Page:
since any which aren't supported natively are automatically embedded in
       the PDF.

       gropdf supports the concept of foundries, that is different versions of
       basically the same font.	 During install a Foundry file controls	 where
       fonts  are  found and builds groff fonts from the files it discovers on
       your system.

       Each font description file must contain a command

	      internalname psname

       which says that the PostScript name  of	the  font  is  psname.	 Lines
       starting with # and blank lines are ignored.  The code for each charac‐
       ter given in the font file must correspond to the code in  the  default
       encoding	 for  the  font.   This	 code  can  be used with the \N escape
       sequence in troff to select the character, even if the  character  does
       not  have a groff name.	Every character in the font file must exist in
       the PostScript font, and the widths given in the font file  must	 match
       the widths used in the PostScript font.

       Note that gropdf is currently only able to display the first 256 glyphs
       in any font.  This restriction will be lifted in a later version.

       gropdf can automatically include the downloadable  fonts	 necessary  to
       print the document.  Fonts may be in PFA or PFB format.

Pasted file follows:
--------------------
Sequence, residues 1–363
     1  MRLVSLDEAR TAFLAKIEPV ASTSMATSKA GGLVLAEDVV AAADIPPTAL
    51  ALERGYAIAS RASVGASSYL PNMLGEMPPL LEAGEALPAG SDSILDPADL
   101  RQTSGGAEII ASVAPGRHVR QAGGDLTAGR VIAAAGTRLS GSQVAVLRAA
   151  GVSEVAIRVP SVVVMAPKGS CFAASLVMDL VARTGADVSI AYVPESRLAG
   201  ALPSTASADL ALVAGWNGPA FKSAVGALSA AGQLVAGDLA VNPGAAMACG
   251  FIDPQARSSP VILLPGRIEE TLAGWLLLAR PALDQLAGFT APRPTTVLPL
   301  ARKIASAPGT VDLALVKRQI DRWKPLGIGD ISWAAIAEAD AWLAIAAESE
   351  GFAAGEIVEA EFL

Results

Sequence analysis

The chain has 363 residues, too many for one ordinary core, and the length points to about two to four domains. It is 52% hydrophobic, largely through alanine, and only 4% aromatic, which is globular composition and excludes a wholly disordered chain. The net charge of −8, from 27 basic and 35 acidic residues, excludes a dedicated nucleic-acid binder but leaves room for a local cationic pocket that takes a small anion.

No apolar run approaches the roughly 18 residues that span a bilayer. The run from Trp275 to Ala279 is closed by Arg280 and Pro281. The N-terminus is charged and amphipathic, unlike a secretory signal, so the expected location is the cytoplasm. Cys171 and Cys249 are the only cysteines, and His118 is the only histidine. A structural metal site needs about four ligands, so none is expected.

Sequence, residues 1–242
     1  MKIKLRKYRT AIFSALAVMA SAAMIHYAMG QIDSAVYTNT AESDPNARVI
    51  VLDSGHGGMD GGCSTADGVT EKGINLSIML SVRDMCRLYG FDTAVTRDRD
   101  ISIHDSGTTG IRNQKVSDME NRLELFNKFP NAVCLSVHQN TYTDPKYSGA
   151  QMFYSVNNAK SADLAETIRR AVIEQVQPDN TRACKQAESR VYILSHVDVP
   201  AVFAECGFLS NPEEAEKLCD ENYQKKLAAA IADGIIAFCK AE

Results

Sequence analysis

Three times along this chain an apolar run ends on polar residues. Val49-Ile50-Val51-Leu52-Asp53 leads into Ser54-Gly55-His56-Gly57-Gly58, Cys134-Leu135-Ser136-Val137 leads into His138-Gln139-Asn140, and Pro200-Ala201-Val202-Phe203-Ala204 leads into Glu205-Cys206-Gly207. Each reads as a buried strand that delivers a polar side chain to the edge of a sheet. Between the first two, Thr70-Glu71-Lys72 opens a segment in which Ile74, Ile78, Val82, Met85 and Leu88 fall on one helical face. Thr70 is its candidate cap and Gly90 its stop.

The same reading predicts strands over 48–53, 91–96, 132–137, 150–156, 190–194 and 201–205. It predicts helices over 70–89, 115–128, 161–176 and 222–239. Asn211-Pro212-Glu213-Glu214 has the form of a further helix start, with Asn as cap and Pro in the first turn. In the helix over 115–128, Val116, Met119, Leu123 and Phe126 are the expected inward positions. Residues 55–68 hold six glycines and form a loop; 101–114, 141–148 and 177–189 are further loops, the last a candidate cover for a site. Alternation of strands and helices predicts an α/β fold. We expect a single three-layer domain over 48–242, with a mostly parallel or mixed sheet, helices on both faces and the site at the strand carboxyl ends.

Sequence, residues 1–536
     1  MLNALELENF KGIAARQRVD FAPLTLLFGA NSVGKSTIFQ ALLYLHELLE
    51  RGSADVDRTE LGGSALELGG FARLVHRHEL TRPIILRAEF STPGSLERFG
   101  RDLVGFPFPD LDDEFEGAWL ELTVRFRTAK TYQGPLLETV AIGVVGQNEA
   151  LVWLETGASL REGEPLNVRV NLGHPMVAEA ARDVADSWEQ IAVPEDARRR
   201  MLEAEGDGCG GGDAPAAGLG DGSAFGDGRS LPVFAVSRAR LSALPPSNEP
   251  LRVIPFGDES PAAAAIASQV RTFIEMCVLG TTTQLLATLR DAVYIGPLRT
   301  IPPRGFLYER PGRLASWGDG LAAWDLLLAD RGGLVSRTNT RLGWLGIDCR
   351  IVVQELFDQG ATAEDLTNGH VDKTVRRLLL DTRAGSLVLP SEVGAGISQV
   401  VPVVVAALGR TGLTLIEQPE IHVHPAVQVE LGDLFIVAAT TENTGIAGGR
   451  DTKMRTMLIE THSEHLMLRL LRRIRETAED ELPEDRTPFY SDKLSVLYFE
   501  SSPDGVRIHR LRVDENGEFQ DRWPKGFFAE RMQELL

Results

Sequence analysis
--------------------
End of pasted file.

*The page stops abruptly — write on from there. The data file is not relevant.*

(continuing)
Any  downloadable  fonts	 which	should,	 when required, be included by
       gropdf	    must       be	listed	     in	       the	  file
       /usr/share/groff/1.22.2/font/devpdf/download;  this  should  consist of
       lines of the form

	      foundry font filename

       where foundry is the foundry name or blank  for	the  default  foundry.
       font  is	 the  PostScript name of the font, and filename is the name of
       the file containing the font; lines beginning with #  and  blank	 lines
       are ignored; fields must be separated by tabs; filename is searched for
       using the same mechanism that is used for groff font metric files.  The
       download	 file  itself  is also searched for using this mechanism; cur‐
       rently, only the first found file in the font path  is  used.   Foundry
       names  are usually a single character (such as `U' for the URW Foundry)
       or blank for the default foundry.  This default uses the same fonts  as
       ghostscript uses when it embeds fonts in a PDF file.

       In the default setup there are styles called R, I, B, and BI mounted at
       font positions 1 to 4.  The fonts are grouped into families A,  BM,  C,
       H, HN, N, P, and T having members in each of these styles:

	      AR     AvantGarde-Book
	      AI     AvantGarde-BookOblique
	      AB     AvantGarde-Demi
	      ABI    AvantGarde-DemiOblique
	      BMR    Bookman-Light
	      BMI    Bookman-LightItalic
	      BMB    Bookman-Demi
	      BMBI   Bookman-DemiItalic
	      CR     Courier
	      CI     Courier-Oblique
	      CB     Courier-Bold
	      CBI    Courier-BoldOblique
	      HR     Helvetica
	      HI     Helvetica-Oblique
	      HB     Helvetica-Bold
	      HBI    Helvetica-BoldOblique
	      HNR    Helvetica-Narrow